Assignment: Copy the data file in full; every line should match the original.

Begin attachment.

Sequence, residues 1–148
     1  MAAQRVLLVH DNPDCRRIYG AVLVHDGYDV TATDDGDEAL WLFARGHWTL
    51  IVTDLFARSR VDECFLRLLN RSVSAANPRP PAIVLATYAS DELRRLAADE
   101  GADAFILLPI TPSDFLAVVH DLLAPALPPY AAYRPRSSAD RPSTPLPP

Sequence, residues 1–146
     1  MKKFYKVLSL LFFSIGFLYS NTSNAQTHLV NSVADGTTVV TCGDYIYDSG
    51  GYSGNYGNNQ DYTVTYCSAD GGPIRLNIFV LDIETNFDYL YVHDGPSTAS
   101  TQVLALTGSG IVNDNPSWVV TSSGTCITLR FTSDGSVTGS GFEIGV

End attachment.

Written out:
Sequence, residues 1–148
     1  MAAQRVLLVH DNPDCRRIYG AVLVHDGYDV TATDDGDEAL WLFARGHWTL
    51  IVTDLFARSR VDECFLRLLN RSVSAANPRP PAIVLATYAS DELRRLAADE
   101  GADAFILLPI TPSDFLAVVH DLLAPALPPY AAYRPRSSAD RPSTPLPP

Sequence, residues 1–146
     1  MKKFYKVLSL LFFSIGFLYS NTSNAQTHLV NSVADGTTVV TCGDYIYDSG
    51  GYSGNYGNNQ DYTVTYCSAD GGPIRLNIFV LDIETNFDYL YVHDGPSTAS
   101  TQVLALTGSG IVNDNPSWVV TSSGTCITLR FTSDGSVTGS GFEIGV